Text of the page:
About Us


In the summer of 2013, 12-year-old Gracie Pfaff read a book based on a true story of how one teacher changed the fate of a failing family farm. The story inspired her so much that she immediately began to ponder food insecurity and small scale farming. Gracie had dreams of going to Africa to teach hungry people how to grow their own food in sustainable ways. Her parents supported her dream, but encouraged her to start local. So, Gracie founded Harvest107 and began making her impact at a small school just outside of Nashville, TN.

Now age 20, Gracie has continued to be one of the youngest service leaders in the world. Some may have been satisfied with the school project that fed about 24 families, but her heart is set on preventing hunger in sustainable ways for every person on the planet. After a month-long trip with her family to Haiti in early 2014, Gracie knew where Harvest107 needed to go next. She and her family lived in Port au Prince for 5 years, creating sustainable urban micro-farms for orphans and impoverished communities throughout Haiti, while preparing national staff to lead the efforts.

When Gracie says:

“This is all I want to do – I love it! I won’t stop until everyone has the option to eat fresh food.”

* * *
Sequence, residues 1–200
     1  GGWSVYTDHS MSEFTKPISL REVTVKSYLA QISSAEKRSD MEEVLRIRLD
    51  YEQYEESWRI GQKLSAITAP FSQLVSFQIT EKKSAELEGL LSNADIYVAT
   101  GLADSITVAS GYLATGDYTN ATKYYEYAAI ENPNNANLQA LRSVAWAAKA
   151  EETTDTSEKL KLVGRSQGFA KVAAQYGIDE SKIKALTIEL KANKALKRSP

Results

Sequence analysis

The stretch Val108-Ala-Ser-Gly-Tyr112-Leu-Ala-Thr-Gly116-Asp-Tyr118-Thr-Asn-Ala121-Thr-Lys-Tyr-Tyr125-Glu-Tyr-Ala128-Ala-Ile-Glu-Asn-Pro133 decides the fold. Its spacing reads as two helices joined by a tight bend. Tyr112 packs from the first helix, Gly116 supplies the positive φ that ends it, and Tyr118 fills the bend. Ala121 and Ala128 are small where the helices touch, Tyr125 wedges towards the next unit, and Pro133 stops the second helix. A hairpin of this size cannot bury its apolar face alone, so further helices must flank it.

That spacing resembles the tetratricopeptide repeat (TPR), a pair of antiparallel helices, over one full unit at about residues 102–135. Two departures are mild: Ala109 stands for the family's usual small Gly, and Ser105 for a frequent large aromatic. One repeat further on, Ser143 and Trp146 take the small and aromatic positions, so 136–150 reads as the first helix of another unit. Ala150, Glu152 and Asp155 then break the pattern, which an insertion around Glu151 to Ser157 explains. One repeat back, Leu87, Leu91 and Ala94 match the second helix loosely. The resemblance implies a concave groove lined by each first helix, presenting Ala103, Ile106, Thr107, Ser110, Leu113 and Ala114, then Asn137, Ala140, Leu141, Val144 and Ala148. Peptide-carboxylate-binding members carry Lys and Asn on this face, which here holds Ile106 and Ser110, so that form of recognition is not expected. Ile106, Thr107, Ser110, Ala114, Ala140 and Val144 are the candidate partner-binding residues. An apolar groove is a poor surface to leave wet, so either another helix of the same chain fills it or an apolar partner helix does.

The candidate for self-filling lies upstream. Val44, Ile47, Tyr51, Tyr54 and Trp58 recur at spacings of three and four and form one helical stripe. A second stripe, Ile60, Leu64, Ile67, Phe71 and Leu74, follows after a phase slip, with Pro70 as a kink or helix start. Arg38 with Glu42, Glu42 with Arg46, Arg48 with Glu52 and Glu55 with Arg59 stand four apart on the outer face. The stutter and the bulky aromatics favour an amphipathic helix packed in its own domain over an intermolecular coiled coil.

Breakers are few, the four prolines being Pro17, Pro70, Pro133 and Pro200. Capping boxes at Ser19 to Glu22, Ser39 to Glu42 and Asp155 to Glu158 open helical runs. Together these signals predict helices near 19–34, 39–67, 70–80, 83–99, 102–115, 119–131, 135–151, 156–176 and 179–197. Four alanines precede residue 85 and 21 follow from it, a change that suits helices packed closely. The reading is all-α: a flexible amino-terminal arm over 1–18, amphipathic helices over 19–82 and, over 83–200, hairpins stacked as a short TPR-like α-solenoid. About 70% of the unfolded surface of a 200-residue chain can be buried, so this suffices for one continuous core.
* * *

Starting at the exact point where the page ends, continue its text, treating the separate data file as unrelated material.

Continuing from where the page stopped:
Gracie models, speaks at events, and uses social media as a way to share her passion for ending hunger sustainably. She is always creating opportunities to meet other service leaders and potential partners to expand Harvest107’s operations.



Women and children make up nearly 60% of those who are hungry and undernourished. Harvest107 is addressing this need by focusing on 2 main programs: school gardens; and the Family Farm Pack Initiative, a program designed to provide the materials and education necessary to increase the quantity and quality of crops for female farmers in developing nations. The organization began in Franklin, TN, spread its roots to Haiti, and is in the process of expanding into Latin America and cities across the United States. This year, Harvest107 expanded their reach by launching a digital program, making their sustainable agriculture training available to 7.4 million people across Haiti.